Call them functional works of art.

The new bicycle racks going into downtown Long Beach look more like elaborate metal sculptures than a place to lock up your bike.

They have curving sunbursts and sweeping arches that give them a sort of wild but creative look.

The designs are part of the ongoing push by Long Beach to spiff up its downtown area along Pine Avenue and the East Village Art District on Broadway.

The eight racks were designed by artists Lisa Jacobs and Tom Walker, who worked in their studios shaping metal for the project.

"I did a little research before I started my project," said Walker, who works out of an artist studio in the city's Magnolia Industrial District near the downtown area. "I interviewed bicyclists about what bicycle-rack designs work, and they said the most popular is the inverted U-shaped design where you can attach the front and back bicycle tire."

The bicycle-rack project was the idea of officials of Downtown Long Beach Associates, a business improvement district, which decided the ever-improving downtown needed some spiffier bicycle racks for the people who work there.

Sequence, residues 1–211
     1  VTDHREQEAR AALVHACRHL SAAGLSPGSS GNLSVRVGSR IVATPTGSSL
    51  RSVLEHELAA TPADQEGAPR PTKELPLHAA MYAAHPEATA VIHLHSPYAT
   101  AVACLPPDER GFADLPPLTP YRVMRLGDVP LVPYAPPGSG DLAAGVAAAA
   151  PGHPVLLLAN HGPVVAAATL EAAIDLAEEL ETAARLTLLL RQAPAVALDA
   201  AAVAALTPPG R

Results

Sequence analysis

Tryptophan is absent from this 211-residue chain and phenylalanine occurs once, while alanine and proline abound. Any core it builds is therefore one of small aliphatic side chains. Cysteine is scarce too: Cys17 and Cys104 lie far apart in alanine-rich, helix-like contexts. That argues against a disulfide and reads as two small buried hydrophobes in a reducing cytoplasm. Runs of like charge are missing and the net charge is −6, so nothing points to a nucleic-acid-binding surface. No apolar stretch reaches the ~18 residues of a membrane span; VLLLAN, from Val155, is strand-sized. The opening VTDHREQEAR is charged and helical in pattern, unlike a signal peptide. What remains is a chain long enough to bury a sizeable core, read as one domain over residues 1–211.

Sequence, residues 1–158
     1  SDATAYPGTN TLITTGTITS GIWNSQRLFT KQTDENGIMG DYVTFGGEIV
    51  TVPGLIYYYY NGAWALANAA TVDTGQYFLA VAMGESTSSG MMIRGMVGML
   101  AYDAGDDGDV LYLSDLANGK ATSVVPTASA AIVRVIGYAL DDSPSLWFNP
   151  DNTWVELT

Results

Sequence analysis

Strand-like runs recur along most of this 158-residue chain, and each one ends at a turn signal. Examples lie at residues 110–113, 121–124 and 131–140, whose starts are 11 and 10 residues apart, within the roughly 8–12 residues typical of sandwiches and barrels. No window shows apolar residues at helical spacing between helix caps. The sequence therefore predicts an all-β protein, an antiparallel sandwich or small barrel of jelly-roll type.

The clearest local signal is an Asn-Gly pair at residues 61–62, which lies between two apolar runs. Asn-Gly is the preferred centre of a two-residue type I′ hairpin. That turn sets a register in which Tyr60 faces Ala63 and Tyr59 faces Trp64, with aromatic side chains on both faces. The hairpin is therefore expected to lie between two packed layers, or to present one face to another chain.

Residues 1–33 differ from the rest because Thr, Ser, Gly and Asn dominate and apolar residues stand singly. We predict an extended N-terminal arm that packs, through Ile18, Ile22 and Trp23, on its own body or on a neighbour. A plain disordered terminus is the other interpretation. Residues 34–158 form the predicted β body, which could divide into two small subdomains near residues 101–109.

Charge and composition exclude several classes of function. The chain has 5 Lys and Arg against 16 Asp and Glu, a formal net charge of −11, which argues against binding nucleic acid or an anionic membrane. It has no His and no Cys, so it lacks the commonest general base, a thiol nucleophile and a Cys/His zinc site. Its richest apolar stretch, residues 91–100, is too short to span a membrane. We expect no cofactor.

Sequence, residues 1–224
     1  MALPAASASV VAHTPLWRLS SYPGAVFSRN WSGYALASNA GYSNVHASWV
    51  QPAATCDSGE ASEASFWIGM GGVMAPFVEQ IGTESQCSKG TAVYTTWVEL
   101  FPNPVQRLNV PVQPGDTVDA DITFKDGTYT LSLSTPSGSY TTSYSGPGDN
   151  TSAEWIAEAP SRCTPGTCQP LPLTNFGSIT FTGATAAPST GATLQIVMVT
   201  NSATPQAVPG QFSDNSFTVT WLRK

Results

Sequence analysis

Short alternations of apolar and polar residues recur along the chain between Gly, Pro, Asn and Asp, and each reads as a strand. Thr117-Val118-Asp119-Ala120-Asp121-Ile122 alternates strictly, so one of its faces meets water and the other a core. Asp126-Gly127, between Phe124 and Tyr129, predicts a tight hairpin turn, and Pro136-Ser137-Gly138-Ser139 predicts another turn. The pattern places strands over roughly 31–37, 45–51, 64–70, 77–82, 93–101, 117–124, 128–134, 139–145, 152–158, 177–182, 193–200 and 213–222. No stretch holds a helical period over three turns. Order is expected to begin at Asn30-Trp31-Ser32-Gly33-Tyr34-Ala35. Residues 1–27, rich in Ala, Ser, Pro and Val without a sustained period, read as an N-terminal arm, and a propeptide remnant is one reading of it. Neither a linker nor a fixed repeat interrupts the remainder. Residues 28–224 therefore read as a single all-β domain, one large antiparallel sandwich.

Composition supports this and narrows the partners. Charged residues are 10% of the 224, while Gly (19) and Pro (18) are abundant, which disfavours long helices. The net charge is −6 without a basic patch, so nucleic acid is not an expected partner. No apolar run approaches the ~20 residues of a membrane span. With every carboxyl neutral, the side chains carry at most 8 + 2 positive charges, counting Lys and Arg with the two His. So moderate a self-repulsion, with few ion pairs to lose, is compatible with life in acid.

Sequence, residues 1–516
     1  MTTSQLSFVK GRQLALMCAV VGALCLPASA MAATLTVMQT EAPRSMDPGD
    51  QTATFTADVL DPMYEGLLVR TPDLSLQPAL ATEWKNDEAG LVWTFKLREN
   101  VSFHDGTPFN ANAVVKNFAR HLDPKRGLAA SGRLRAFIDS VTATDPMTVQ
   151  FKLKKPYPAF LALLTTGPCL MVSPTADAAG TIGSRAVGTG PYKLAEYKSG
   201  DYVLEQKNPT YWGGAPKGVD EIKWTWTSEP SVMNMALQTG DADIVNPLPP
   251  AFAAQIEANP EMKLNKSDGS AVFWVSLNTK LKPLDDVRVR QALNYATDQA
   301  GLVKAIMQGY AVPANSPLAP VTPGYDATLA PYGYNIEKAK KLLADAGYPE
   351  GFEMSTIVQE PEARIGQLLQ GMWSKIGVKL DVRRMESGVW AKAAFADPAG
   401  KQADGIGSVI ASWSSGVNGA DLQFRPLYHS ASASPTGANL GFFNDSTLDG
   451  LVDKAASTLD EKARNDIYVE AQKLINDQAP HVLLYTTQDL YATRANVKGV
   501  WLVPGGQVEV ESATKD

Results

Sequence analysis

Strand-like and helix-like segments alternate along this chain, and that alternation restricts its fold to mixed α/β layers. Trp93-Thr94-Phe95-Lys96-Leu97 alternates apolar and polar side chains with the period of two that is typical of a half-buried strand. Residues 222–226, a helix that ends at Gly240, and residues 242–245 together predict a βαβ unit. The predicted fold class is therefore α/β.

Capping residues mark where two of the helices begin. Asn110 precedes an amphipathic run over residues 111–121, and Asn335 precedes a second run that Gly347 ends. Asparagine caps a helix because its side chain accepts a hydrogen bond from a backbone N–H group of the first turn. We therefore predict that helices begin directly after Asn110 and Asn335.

"Employees who ride their bikes to work were chaining them to the trees," said Shawna Taylor, a spokeswoman for the business improvement district. "The thought was, if we had nice artistic racks, they could be part of a downtown beautification project."

So the DLBA, with the Long Beach Redevelopment Agency and the Public Corporation for the Arts, pitched in $17,500 for the project, and then opened up a bidding process to area artists.

Jacobs and Walker were the winners.

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